Most of us when faced with uncomfortable feelings want to avoid it, run away from it and preferably not have to deal with it. Ever. It flat out sucks being in the depths of emotional pain. God knows how many times I cried so hard I couldn’t breathe after my mom died. I wanted “out” so badly that I secretly wished to die. That’s how dark the valley was. It was so dark, I saw no hope left around me.
The beautiful thing about being in darkness is that there is light when we open the door to our pain.
Emotions are energy in motion and they need to be moved and released from the body, which is also a form of energy. The more we’re willing to acknowledge and accept all of the difficult feelings that arise from life events, the easier it will be to let them pass through us.
Awareness of our thoughts and emotions is the first step. (Meditation, practiced in a way to observe your thoughts rather than quiet them, helps give you this awareness). Then acknowledging and accepting our emotions will help us to let them go with ease instead of resistance.
We’re often resisting life in some form. “I don’t like this.” “I don’t like the way he/she does that.” “This is not what I wanted.” Or if you’re like me at times, you might think, “I didn’t sign up for this (life)!”
I often struggle with resistance myself. I expect things to be a certain way and, when they don’t turn out the way I hoped, I can feel frustrated, angry and disappointed. For instance, I did not expect this pandemic, prolonged isolation and initial loss of income (can you relate?). I have, however, learned to take this in stride, to go with the flow and, deep down, I do believe that a lot of good will come out this difficult period in our lives.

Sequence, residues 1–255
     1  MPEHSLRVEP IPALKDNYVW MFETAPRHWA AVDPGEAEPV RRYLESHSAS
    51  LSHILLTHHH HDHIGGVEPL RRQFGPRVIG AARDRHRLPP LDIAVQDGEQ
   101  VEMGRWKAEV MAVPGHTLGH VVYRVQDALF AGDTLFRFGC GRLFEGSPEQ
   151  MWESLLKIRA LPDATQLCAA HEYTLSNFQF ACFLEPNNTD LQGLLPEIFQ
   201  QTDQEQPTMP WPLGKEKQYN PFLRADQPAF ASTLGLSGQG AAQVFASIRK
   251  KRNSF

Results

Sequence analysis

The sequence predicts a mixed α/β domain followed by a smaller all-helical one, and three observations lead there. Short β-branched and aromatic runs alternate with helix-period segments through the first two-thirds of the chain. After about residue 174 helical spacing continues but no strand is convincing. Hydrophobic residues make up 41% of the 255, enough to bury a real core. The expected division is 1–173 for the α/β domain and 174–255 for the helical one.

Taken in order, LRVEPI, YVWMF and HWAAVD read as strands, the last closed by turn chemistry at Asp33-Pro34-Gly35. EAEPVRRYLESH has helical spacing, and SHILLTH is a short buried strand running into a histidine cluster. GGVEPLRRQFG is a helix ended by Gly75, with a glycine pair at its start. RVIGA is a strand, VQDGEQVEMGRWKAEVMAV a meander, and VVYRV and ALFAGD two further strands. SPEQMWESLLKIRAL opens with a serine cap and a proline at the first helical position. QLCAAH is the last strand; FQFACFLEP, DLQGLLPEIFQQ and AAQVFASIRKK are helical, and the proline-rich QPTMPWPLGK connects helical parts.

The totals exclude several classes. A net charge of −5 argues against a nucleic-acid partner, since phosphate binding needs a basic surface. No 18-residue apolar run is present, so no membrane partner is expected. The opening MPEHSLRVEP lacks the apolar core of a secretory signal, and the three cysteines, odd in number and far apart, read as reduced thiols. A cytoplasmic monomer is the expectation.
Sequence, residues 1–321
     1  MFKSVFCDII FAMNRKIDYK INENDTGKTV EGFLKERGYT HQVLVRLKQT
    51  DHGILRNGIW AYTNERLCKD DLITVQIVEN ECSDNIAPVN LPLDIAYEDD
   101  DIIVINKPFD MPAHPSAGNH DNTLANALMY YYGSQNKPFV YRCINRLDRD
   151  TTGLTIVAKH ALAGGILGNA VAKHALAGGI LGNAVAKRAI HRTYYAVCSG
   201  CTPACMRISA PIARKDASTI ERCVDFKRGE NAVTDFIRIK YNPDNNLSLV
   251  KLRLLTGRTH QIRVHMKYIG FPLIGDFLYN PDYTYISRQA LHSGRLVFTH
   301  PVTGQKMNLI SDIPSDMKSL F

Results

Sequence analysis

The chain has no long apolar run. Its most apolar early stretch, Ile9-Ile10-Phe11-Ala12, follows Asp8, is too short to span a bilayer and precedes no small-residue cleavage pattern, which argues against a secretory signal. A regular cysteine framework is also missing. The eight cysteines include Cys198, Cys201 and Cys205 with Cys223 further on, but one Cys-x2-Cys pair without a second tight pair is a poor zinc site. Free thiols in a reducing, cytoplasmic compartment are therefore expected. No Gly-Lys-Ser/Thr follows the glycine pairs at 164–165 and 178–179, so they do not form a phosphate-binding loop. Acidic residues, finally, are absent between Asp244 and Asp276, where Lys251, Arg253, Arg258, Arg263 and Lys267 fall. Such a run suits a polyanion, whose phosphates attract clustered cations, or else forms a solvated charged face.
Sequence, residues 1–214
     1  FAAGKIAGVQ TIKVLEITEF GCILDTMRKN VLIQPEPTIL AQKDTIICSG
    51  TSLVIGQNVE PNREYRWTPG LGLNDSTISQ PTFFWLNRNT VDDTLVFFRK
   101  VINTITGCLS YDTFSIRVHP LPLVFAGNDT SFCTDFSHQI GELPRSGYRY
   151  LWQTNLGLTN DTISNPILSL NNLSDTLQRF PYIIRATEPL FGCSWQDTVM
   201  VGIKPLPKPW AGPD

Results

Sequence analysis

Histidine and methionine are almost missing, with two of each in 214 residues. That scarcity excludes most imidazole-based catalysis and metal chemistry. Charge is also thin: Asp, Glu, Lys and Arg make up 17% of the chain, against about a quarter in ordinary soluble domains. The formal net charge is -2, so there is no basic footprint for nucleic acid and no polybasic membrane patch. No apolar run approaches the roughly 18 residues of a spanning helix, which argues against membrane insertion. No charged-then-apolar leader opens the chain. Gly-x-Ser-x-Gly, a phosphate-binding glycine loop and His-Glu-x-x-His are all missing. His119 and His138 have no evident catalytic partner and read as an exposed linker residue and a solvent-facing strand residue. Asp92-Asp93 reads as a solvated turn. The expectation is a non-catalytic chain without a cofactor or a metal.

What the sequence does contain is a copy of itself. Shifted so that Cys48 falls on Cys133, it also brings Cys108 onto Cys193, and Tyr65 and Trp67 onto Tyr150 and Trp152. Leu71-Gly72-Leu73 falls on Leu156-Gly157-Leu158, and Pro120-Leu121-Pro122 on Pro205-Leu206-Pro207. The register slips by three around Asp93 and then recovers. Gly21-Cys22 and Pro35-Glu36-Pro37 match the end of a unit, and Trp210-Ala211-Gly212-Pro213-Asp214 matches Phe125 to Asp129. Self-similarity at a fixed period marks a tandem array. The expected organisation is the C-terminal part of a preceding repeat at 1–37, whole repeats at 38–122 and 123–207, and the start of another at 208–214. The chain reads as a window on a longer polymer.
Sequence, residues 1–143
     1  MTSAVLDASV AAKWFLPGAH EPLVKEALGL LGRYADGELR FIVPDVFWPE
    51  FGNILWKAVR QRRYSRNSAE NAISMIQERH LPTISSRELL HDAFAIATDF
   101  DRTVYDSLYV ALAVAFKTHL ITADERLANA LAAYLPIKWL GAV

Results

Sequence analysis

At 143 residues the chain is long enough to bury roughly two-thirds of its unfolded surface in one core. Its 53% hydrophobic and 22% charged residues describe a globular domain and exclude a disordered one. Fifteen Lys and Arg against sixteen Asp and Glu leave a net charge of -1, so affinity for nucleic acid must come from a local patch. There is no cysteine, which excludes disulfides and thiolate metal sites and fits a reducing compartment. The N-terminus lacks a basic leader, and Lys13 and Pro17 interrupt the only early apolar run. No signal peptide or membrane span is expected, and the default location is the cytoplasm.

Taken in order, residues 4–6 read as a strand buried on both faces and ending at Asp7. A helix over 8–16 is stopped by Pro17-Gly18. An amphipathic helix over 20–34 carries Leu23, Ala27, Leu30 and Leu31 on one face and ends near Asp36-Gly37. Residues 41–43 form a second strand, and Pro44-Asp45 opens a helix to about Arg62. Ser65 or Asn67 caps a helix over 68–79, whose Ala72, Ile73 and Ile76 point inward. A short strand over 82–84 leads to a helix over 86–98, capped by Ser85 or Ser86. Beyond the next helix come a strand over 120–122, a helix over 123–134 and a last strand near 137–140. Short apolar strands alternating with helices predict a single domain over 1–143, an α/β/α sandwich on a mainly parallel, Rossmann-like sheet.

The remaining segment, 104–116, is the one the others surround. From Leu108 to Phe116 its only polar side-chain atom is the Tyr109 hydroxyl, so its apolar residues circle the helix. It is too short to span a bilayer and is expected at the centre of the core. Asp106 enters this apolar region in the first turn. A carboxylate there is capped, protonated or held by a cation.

As Michael Singer points out in one of my favorite books “The Untethered Soul” (of which I’ve highlighted more paragraphs in it than not), the key to freedom, peace and joy is to allow the feelings to move through you. Not to avoid or resist them. When we let the feelings move through us and let them go, we can move on in a healthy way and we can even grow from the trauma, grief and pain.
That was me after spreading my mom's ashes.
This is the same for the catastrophe we find ourselves in today.
When we let whatever thoughts and feelings around this to come up...
When we allow and accept them as part of our natural human experience...
When we acknowledge the parts of this global crisis that all-out suck (letting ourselves cry, scream, get angry, feel frustrated and FEEL all the feelings)...
When we do these things, we give ourselves the freedom to let it all pass through us and eventually let it go.
Just like the breath comes in and out of the body in its own natural cycle, we can allow the thoughts, feelings and triggers to come in and then we can release them. Breathe in. Breathe out. Take in. Let go.
Having been entrenched in my own darkest valleys before, I get that this is easier said than done. But with practice—and the willingness to face your feelings—it does become easier. And it is totally possible to let go of the stuff that weighs you down and breathe in some fresh perspective, one that may give you a brighter outlook to all this than you could’ve imagined before you faced your feelings.
TIP: The difference between letting challenges like this pandemic destroy, define or strengthen us are the questions we ask.
Instead of asking, “Why me?” or “Why is this happening to us?”, better questions to ask would be, “What is triggering me and why?” and “What can I learn from this?”
With that we can manifest a new life, a new world. The key is to first accept, acknowledge and express your feelings so you can let them go. From there, the world is your oyster. Once you've released the burden of what's triggering you or weighing you down in this crisis, what will you choose to create out of this?
"Know that what you do in the time of your greatest trial can be your greatest triumph."
~ Neale Donald Walsch